Newsflash: TV Coverage of War Was ?Dumbed Down?

| May 30, 2003

During the recent war on Iraq, a much larger percentage of Americans turned to television than newspapers to learn about U.S. military advances. On the off chance that they turned to multiple news sources covering the war, many couldn?t help but notice some dissonance between the rosy picture painted by the TV networks and the stories being told from the front lines by embedded newspaper reporters. ?The war they saw, or thought they saw, on TV was meticulously planned, flawlessly executed?and not a single member of the armed forces has a complaint or a problem,? says Ron Martz, military-affairs reporter for the Atlanta Journal-Constitution, in a recent essay for Editor & Publisher. Some readers were upset to read Martz writing about bloody street fighting in parts of Baghdad, while they were watching jubilant Iraqis celebrate the fall of Saddam on Fox News. As Martz, an ex-Marine, filed reports about the realities of what he saw on the ground??a war that was confusing and chaotic, as are all wars??angry emails poured in questioning his patriotism, his ancestry, even his sexuality. One reader suggested he get a job with Al-Jazeera. Another suggested he ?start watching more Fox TV to get an unbiased view of the war.? Martz says a friend recently suggested that TV has dumbed down American news audiences, lowering the collective IQ. He?s beginning to believe she?s right. ?What they seemed to want from this war was for the coverage to fit their own biases and preconceived notions. No other views were tolerated. And TV seems in large part to have given them exactly what they wanted.?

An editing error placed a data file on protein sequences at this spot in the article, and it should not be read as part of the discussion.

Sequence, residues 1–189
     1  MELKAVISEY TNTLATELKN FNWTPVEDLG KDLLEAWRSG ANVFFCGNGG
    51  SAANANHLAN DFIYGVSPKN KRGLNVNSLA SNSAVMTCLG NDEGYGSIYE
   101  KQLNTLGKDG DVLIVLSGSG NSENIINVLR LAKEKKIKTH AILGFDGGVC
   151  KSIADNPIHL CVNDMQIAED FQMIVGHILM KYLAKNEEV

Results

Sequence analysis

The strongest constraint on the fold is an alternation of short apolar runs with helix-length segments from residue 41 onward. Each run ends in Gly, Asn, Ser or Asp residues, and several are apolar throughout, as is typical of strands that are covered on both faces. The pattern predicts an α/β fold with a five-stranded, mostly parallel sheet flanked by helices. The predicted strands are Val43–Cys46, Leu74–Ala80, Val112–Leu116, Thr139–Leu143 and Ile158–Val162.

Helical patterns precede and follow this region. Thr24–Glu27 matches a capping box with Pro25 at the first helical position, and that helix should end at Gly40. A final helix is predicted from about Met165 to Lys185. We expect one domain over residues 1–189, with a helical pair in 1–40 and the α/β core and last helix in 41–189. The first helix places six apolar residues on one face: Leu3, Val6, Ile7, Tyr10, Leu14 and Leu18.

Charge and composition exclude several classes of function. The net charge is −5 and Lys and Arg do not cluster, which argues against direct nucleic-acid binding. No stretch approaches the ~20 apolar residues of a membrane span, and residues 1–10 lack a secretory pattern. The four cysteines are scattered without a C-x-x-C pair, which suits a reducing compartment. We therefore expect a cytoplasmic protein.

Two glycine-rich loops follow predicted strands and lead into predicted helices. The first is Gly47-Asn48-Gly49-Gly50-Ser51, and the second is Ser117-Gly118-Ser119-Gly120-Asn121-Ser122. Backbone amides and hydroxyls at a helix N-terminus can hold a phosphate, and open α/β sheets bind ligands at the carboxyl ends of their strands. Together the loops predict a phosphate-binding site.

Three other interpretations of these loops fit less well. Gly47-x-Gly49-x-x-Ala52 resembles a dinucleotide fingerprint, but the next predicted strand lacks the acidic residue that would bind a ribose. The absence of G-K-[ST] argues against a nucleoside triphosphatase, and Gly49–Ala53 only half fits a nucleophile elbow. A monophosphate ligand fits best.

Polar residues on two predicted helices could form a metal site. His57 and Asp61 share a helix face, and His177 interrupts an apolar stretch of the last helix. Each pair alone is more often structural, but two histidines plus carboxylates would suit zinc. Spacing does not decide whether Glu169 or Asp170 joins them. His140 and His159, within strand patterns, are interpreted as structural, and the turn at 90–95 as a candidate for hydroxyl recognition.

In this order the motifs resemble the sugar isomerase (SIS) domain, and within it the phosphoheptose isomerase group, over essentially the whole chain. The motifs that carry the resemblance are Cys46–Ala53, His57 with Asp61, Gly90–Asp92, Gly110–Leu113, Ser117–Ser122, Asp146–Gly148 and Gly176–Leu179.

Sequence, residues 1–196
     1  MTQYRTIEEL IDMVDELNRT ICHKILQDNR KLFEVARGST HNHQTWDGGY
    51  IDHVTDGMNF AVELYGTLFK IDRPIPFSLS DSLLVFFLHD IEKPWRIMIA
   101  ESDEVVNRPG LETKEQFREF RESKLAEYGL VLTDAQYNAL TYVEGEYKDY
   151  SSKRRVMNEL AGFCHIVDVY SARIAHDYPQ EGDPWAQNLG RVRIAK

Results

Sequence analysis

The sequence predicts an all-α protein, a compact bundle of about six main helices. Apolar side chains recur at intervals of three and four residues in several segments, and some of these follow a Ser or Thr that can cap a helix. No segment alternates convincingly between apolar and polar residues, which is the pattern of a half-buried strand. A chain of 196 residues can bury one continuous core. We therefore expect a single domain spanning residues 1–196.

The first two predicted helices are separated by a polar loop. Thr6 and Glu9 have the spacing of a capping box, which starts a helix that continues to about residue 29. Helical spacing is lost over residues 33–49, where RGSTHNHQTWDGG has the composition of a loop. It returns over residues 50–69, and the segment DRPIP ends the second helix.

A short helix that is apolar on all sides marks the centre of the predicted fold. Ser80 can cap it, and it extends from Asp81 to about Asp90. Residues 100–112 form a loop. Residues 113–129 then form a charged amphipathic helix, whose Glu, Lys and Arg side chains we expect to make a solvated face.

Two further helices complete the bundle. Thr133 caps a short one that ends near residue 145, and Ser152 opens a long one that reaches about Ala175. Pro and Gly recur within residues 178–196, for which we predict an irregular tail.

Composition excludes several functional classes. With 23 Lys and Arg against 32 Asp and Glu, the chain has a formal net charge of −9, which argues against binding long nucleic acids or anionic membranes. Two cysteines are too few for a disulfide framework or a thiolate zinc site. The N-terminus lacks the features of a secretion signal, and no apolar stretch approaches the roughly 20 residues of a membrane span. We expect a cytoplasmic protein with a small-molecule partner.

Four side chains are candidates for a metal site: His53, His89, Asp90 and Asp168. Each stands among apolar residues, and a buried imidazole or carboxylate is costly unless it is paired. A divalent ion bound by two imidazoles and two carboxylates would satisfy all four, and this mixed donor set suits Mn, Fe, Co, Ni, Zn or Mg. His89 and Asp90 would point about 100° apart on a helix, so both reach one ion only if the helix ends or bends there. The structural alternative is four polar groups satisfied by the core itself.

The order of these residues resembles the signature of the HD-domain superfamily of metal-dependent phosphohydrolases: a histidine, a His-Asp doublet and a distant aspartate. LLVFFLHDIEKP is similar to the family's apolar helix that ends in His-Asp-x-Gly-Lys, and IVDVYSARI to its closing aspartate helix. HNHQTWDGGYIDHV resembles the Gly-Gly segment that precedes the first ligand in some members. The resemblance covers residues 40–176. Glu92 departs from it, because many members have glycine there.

?Nick Garafola

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